Author: Audrius Beinorius
In recent years hermeneutical reflexiveness has become a hallmark of Buddhist studies by reflecting in a self-critical way the historical relativity of the comparative issues.
It is by now a commonplace to remark that attempts to interpret Buddhist thought in Western terms have generally reflected the intelectual perspectives of the interpreters as much as those of the Buddhist thinkers we whish to intrepret.
Nagarjuna has seen Hegelian, Heideggerian, and Vittgensteinian readings come and go; Vasubandhu has been incarnated as both transcendentalist idealist and phenomenologist; the arguments of Dharmakirti and his successors might have stepped out of the pages of Husserl’s Logishe Untersuchungen or the Principia Mathematica of Russell and Whitehead.
To take an ungenerous view of our encounter with Buddhism, a great Asian tradition turns out to be whatever we happened to have had in our heads to begin with.
Let’s take a look at the basic principles of textual interpretation in Buddhist hermeneutics which has highly elaborated systems for classifying the attitudes of practitioners.
Questions concerning interpretation are of crucial importance in Buddhism, since the Buddhist canons contain a huge number of texts that are considered by the tradition to have been spoken by Buddha, although these often contain contradictory and apparently incompatible doctrines.
As intellectual discipline, hermeneutics begins with an awareness of the difficulties encountered in reading sacred texts, that is, hermeneutics presupposes hermeneutical problems.
According to the Buddhist tradition, the aim of Buddha’s teachings was to evoke enlightenment in living beings.
He never preached a single message dogmatically but exercised what is known as “skill in liberative technique” (upàya kauùalya) and the methods he used were as various as are living beings themselves.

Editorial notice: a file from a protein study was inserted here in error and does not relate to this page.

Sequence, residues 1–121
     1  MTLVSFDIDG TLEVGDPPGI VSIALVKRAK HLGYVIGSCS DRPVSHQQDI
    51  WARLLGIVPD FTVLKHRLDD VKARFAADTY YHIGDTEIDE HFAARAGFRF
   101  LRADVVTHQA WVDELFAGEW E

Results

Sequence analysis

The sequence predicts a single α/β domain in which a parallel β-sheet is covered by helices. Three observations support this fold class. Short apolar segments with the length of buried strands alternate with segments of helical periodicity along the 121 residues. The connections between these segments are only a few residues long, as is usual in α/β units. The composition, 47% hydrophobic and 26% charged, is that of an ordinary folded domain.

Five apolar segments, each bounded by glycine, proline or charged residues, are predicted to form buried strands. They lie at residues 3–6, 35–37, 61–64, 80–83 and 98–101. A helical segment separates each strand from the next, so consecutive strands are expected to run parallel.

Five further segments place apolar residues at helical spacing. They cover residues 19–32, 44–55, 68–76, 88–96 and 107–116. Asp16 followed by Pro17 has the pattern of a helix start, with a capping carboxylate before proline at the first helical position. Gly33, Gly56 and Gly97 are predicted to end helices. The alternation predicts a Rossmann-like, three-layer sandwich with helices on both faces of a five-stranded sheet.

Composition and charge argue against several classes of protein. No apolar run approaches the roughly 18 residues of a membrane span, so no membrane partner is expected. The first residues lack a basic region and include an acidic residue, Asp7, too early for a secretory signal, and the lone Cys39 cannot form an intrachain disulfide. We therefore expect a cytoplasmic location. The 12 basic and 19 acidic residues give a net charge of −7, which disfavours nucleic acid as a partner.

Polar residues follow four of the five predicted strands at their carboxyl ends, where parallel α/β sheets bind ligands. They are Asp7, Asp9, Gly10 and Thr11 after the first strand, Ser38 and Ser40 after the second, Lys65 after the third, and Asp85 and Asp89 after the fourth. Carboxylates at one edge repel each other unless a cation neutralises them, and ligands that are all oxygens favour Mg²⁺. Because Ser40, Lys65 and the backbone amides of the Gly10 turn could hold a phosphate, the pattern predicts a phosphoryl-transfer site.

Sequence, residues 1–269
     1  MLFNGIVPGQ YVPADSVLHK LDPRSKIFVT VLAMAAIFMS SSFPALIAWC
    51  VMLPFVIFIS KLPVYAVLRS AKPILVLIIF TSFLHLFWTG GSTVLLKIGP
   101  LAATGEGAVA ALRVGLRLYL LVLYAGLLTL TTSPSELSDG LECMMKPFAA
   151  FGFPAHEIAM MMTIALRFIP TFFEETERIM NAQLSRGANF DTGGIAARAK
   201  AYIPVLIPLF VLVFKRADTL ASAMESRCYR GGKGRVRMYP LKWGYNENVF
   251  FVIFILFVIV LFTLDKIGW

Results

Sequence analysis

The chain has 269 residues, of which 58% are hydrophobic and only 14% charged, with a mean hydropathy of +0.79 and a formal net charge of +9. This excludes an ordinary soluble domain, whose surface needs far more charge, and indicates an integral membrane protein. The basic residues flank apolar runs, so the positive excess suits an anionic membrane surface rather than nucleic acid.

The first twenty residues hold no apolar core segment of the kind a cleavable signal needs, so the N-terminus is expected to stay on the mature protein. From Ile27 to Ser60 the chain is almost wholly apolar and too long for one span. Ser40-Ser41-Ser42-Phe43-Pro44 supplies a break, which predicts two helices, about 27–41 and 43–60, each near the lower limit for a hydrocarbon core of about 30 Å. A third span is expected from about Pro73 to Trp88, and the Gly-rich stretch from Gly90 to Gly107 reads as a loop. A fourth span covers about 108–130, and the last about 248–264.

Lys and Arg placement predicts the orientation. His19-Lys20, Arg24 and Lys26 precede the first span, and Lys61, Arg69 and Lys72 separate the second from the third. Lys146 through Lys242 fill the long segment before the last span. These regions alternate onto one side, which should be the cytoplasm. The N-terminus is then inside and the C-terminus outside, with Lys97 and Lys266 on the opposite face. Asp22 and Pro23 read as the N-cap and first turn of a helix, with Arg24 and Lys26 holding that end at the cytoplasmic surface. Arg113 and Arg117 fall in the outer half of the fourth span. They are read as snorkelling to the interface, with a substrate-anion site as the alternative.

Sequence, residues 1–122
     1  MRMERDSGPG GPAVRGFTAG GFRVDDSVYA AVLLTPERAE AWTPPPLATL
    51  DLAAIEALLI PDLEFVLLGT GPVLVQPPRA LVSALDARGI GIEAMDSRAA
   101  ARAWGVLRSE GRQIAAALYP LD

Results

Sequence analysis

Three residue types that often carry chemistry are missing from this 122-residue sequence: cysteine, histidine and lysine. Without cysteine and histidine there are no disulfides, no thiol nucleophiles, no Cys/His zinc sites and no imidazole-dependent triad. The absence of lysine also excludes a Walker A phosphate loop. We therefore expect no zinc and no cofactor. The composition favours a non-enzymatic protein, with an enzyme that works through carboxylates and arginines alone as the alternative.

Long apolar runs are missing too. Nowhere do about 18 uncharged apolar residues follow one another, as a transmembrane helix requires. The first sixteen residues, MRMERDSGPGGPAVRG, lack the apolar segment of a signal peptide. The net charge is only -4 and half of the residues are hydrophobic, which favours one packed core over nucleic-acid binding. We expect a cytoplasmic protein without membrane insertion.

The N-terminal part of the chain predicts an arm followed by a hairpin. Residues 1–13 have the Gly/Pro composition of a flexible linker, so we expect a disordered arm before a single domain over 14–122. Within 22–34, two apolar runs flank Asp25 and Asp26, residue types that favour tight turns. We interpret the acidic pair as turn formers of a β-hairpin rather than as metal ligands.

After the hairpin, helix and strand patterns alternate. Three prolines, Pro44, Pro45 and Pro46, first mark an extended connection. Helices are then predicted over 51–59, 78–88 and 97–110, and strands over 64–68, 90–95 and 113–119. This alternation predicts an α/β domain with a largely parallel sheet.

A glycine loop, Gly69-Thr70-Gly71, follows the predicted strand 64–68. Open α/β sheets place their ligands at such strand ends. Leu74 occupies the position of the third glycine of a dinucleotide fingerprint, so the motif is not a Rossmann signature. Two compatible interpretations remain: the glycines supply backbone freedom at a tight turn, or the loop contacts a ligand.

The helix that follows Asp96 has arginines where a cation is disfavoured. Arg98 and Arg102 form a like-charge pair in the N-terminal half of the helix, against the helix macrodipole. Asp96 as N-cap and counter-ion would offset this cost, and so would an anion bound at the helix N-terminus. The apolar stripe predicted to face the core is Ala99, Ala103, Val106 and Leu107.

Thus, the hermeneutical enterprise, as the science of interpretation of sacred doctrine, is a essential part in the Buddhist methodology of enlightenment.
The Buddhist Canons – Pali, Sanskrit, Tibetan, Chinese, Korean, Mongolian – comprise volumes and volumes of often radically disparate views.
The diversity of teachings is not due to confusion or weakness in the transmission. On the contrary, it is proof of Buddha’s wisdom and compassion, of his ability to adapt to the needs, capacities, and dispositions of living beings.
It is said, that Buddha has taught different things to different people based on their interests, dispositions, capacities, and levels of intelligence.
The Buddhist canons were the result of a long process of compilation and redaction that we can no longer reconstruct. It is not always possible to distinguish clearly between canonical, postcanonical, and paracanonical Buddhist literature.
The hermeneutical strategy of the Abhidharma, for instance, is itself derived from a practice attested frequently by the sūtras: numerical lists known as “matrices” (màtðkà), which are digests or patterns for exegetical coherence.
The màtðkàs, as early canons of orthodoxy and interpretation, provided the structure for Abhidharmic exegesis or simple logic of classification when each text must fit one or more of the categories contained in the traditional “matrix”.
Two of the earliest Buddhist works of conscious exegesis have been incorporated into the canon in the Sutta Piòaka. These are the Mahàniddesa and the Cullanidesa, commentaries on the fourth and fifth books of the Suttanipàta.
They date from approximately the third century CE. However, two other works of early, but uncertain date occupy a much more important position in the development of Buddhist exegetical theories: the Nettipakaraía and the Peòakopadesa, both attributed to a (Mahà) Kaccàyana. According to George D. Bond, the Nettipakaraía and the Peòakopadesa represent manuals of interpretation which present methods for the correct understanding of the dhamma and central to these methods is the concept of the gradual path to nibbàna as a hermeneutical device or strategy to explain the logic and the structure of the dhamma.